Recently, on a sunny September afternoon Jim Hess saw his worlds collide — sort of. Hess, the new director of alumni relations at Grinnell College, was in Washington, D.C., his former home, at a picnic for Grinnell alumni and students.
Tenure: on its face, not the loveliest of words. But there are few as sweet in the ears of an early-career academic. Tenure signifies job security, the acceptance of one's senior colleagues, a feeling of belonging and - perhaps most importantly - support for a life's work.
Perhaps we've all had a flash of inspiration that we were positive would lead to success: the million-dollar idea, the can't-miss business concept, the surefire solution to a vexing problem.
While most of us never get those great ideas off the drawing board, the Grinnellians on these pages have turned their visions into reality. From part-time businesses to companies with a global reach, they've found willing buyers for their innovative approaches.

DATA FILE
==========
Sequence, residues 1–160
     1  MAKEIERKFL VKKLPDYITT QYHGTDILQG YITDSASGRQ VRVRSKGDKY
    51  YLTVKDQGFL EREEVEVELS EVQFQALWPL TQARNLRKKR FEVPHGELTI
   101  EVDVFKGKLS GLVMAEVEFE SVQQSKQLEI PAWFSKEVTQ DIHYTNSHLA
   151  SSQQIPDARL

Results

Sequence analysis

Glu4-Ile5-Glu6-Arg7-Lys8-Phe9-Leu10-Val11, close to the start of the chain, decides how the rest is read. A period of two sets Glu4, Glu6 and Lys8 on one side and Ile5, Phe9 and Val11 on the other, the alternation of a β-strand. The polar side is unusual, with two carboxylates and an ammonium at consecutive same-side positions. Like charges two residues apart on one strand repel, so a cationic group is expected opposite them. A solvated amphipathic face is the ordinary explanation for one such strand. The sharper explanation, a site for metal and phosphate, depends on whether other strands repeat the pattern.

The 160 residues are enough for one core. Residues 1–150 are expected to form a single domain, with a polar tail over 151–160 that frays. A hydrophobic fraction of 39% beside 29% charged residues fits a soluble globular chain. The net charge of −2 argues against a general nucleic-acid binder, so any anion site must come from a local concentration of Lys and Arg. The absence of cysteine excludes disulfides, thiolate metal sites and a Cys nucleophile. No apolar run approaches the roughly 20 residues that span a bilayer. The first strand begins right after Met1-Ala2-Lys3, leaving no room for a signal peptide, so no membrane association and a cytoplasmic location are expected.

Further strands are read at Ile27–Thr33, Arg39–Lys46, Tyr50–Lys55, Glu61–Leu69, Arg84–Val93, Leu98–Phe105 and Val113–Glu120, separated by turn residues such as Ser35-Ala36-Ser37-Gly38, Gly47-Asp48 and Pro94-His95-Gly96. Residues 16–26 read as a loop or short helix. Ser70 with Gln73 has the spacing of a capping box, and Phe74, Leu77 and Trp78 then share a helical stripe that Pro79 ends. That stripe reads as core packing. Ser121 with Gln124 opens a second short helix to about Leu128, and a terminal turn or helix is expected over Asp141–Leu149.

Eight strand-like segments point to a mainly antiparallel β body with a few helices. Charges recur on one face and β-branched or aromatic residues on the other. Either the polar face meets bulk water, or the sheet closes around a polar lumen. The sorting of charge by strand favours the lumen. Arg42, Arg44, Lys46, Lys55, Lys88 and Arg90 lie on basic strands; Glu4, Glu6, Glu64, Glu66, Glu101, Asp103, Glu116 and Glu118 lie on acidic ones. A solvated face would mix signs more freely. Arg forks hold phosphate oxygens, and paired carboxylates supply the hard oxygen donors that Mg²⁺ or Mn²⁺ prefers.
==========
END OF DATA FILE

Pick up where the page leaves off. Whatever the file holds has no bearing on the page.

Grinnell College president emeritus George Drake '56 looks back on the 100-year history of Grinnell's Phi Beta Kappa chapter, Beta of Iowa.
It wasn't real. We black-robed, silly-hatted seniors gathered outside of ARH to wait for the exercises of commencement to start -- which meant we were graduating.
Service is a time-honored Grinnell tradition--offering assistance to the less fortunate, to those who are least able to help themselves.
Warren Morrow '99 and Max Cardenas '01 are great exemplars of the Grinnell tradition of innovative thinking.
While activism is continually reinterpreted for each generation at Grinnell, Warren Morrow and Max Cardenas are part of a Grinnell tradition of innovative thinking and action that includes such exemplars as Harry Hopkins '12 and Robert Noyce '49.